All parts of the patient’s support system (the carer, acute and community care services etc) should work together to achieve the best outcome for both the cared for person and the carer. Despite the policy and good practice advice which has been developed to guide us across this pathway, carers often report that they feel ill-informed and that policy is often not reflected in practice.
Establishing Carer Support as a key component of the hospital discharge process addresses the need to identify carers at an early stage and ensure that they are well informed and supported. It also addresses the need to support carers at key times of transition, eg where the admission meant the carer was no longer able to continue care at home and the person they cared for was being admitted to long term care.
When someone is affected by a significant illness/condition such as a stroke, it impacts upon the individual’s lifestyle, and may result in the individual becoming dependent on another person such as a spouse, daughter, son, friend or neighbour, in order to remain in their own home. Intervention from statutory/private/ voluntary services may be required in order to maintain the quality of life, and information and advice regarding the locally available services becomes essential for both the individual and their carer/family members. The individual and their carer are then able to make informed decisions regarding support services, based on the information they have been provided with, which allows them to maintain control during their transition from hospital into their own home.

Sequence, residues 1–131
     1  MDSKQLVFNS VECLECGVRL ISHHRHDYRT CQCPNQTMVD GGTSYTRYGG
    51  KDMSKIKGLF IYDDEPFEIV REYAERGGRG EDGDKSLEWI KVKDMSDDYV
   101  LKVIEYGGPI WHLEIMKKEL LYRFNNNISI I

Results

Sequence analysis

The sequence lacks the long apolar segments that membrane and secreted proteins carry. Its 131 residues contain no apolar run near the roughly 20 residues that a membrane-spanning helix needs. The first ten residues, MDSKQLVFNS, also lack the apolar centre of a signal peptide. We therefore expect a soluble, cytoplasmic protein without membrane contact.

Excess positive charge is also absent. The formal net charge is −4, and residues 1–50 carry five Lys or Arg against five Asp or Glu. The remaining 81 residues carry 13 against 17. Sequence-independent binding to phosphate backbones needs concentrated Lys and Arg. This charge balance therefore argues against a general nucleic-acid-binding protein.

Early interventions with carers in the hospital setting will enable carers to be informed of systems in place, their right to a Carers Assessment and the process of that assessment, and the eligibility criteria for health and social care provisions. It will also enable planning for support services such as, respite and support groups.
The project is targeting older people recently discharged from hospital to obtain feedback on their experiences of hospital care, discharge planning and accessing community support services. In addition it has looked at the experiences of older people currently in receipt of home care and community services. The research has focussed on quality of care, patient satisfaction and whether the service needs of older people and their carers are being met.